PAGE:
Choosing an age to file for Social Security is far from easy. If you file for benefits at your full retirement age (FRA), you'll get the full monthly benefit you're eligible for based on your earnings record. This is what FRA looks like, based on the year you were born:

Year of Birth

Full Retirement Age




66 and 2 months


66 and 4 months


66 and 6 months


66 and 8 months


66 and 10 months

1960 or later


Data source: Social Security Administration.

Meanwhile, you can file for Social Security starting at age 62, but for each month you claim benefits before FRA, they'll be reduced on what's generally a permanent basis. Or you could delay your filing past FRA and boost your benefits by 8% a year, up until age 70.

Landing on a filing age is tricky enough when you're single. Claim benefits too early, and you risk shorting yourself a whole lot of income in your lifetime. But if you delay Social Security and don't end up living that long a life, you'll also lose out financially: You'll increase your monthly benefit but reduce your lifetime benefit. Difficult as that decision may be when you're single, in some regards, it's even harder when you're married.

Older man and woman at table doing a puzzle

Image source: Getty Images.

When you have a spouse to consider

The decisions you make with regard to your Social Security benefits could impact your spouse in a number of ways. First, if your spouse never worked and is counting on collecting spousal benefits, he or she won't be able to apply for them until you start drawing benefits yourself.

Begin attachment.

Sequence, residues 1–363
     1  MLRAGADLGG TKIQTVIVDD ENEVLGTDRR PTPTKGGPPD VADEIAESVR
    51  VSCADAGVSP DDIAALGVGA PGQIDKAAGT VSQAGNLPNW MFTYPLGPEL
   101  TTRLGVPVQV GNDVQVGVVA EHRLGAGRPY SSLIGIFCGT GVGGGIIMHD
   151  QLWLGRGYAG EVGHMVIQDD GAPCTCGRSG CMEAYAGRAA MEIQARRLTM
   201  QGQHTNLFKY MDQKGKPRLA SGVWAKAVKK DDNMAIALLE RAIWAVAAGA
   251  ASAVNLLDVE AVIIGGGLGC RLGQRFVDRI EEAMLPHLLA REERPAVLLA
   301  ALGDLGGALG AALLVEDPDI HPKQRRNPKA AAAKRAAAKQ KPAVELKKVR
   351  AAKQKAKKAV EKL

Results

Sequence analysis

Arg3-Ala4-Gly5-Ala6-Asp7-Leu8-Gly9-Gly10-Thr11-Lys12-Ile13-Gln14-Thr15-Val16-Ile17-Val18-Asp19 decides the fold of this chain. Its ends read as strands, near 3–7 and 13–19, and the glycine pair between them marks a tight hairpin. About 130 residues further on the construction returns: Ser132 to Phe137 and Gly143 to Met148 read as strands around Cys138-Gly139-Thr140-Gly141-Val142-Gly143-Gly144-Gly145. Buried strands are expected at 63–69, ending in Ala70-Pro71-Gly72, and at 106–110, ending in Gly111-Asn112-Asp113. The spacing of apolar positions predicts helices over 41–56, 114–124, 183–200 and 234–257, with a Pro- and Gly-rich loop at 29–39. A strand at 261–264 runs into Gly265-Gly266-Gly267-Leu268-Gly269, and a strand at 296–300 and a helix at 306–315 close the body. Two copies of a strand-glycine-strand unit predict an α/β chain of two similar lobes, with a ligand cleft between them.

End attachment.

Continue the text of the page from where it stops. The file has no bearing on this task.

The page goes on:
Now, imagine you want to wait until age 67 to file for Social Security, but your spouse wants to start collecting at 62. He or she won't be able to collect that income until you're ready to do so yourself, and that's a disagreement you'll need to work out.

Then there's survivors benefits to think about. Once you pass, your spouse will be entitled to collect a monthly benefit equal to 100% of the one you received while you were alive. The longer you wait to claim your own benefits, the more your spouse gets to collect.

But delaying benefits may not align with your plans, especially if you don't expect to live that long a life. As such, you may be stuck in a situation where you have to weigh your own needs against your spouse's, and that's not an easy thing to do.

It's for these reasons that claiming Social Security can be harder when you're part of a couple than it is when you're single. Granted, being married also gives you some flexibility. If your spouse is entitled to their own benefit, you get the option to claim Social Security on one earner's record and delay your second benefit, thereby letting it grow. That's an option single seniors don't have. But at the end of the day, if you're married, you'll have to take your spouse's needs into account when landing on a filing age, and that could make an already tough decision even more difficult.